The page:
Hi Energy

There’s an interesting poll on Slashdot that asks what people are paying for their electricity per kWh(kilo-watt hour). There seems to be a wide latitude of energy prices across North America and that contrasts starkly with the sort of cartel-a-like prices we seem to pay in the UK though it’s not an entirely accurate picture as many in North America are charged  generation, transmission and distribution prices in addition to the given per kWh price (I assume that’s similar to the standing charge that many UK energy providers employ).

I was interested to see how common lower priced first tier pricing for the first x number of kWhs is rather than the insane reverse situation that occurs in the UK where the first x number of kWhs are often charged at a higher rate thus  low consumption is penalised because that majority of a low energy use bill would be charged at the first tier higher rate. In the UK some are literally charged a premium for their frugality or energy efficiency.

Also common in North America it seems is being charged a higher rate in the winter compared to the summer which hasn’t been used as yet in the UK.

Again more common in North America is house rental where the energy bills are included as part of the rent and in some cases even an agreed fixed monthly charge for business users. The former situation is not unknown in the UK but is quite rare. The latter situation re a businesses fixed energy fee I have to say I’ve never come across in the UK.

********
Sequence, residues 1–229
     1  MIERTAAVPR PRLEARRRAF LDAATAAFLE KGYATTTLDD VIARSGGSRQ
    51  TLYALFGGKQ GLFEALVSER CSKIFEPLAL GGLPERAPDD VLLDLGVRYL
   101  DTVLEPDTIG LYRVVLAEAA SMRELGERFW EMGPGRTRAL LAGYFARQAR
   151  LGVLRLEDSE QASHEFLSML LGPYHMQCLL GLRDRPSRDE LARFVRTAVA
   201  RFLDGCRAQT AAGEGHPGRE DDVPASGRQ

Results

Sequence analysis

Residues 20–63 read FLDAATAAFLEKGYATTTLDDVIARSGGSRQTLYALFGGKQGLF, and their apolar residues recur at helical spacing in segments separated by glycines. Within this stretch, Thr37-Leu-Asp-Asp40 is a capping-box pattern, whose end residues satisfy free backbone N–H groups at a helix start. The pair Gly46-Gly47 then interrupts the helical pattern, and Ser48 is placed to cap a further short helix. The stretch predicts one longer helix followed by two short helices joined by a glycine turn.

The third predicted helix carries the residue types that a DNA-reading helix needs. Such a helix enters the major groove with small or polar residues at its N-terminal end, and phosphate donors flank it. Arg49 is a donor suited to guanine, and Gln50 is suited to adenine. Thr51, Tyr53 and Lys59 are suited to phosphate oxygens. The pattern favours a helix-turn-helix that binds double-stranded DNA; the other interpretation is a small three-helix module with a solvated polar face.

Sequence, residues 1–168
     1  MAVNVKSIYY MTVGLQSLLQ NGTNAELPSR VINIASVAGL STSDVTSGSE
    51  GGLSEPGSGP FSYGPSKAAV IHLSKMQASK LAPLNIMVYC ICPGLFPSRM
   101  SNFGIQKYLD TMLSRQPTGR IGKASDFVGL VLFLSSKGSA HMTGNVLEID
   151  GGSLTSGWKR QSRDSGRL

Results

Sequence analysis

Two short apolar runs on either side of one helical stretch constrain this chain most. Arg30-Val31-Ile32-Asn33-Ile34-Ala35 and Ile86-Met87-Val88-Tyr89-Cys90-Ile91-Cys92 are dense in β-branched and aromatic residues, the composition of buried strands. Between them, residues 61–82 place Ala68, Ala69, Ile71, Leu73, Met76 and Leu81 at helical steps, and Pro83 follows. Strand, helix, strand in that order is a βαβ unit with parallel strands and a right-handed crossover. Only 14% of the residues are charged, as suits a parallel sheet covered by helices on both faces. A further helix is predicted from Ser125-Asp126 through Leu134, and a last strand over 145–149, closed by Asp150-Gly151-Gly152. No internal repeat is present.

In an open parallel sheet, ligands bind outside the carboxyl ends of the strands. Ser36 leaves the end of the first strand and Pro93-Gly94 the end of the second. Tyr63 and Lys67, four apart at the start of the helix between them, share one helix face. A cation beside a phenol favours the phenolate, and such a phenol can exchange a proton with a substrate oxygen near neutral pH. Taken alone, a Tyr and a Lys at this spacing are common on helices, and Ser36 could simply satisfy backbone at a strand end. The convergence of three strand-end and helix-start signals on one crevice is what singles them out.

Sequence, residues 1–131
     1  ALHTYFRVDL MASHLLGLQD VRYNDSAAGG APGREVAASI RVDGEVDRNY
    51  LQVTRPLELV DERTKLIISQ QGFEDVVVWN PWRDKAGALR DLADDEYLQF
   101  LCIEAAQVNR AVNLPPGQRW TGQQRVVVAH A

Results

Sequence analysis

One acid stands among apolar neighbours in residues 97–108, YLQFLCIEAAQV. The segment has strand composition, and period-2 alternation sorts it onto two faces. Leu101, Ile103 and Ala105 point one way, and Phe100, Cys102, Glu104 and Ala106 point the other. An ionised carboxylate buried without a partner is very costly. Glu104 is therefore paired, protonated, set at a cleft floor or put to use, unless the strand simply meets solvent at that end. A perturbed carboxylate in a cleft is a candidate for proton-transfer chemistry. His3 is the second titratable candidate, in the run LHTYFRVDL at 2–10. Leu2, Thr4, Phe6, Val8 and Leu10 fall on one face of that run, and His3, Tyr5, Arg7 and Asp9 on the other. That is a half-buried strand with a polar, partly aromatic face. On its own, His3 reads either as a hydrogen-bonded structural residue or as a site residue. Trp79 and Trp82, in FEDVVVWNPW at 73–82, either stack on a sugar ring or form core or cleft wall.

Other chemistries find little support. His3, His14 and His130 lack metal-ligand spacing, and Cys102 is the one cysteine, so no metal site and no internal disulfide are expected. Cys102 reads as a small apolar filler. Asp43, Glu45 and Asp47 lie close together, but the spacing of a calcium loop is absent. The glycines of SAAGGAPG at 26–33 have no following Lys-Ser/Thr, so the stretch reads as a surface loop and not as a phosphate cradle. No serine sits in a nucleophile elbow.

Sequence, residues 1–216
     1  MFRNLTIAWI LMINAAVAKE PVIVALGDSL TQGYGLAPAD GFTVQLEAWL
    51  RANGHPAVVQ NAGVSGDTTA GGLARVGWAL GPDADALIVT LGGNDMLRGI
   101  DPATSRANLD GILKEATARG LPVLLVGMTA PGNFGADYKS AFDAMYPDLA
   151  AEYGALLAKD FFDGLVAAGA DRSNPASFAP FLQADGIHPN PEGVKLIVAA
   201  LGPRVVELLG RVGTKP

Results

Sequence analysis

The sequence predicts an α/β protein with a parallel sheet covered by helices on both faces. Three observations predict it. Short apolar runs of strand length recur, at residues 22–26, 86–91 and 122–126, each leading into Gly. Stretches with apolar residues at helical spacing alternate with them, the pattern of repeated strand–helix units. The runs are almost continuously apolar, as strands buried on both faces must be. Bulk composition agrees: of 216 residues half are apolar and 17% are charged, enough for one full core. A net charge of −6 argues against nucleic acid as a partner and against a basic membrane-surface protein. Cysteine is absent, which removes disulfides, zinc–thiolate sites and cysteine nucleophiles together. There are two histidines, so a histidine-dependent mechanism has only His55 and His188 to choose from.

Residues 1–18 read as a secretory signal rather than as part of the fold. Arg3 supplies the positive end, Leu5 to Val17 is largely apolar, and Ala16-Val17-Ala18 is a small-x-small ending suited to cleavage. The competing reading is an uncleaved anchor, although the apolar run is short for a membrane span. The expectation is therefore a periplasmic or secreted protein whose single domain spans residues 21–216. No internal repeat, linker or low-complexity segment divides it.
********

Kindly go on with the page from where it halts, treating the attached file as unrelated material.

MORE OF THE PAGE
The only way I can see that UK electricity users can ensure lowest rates for their usage is to consume the majority of their electricity during the cheaper economy 7 night rate (assuming you have that tariff) which basically means living or working more in the night hours. Great if you don’t mind living in the night hours or can automate your heating, cooking, washing etc to occur during these off peak periods.

The Slashdot poll perhaps highlights the lack of competition in the UK energy market and probably too the degree to which we are not self sufficient in its generation.

Will this ever change?


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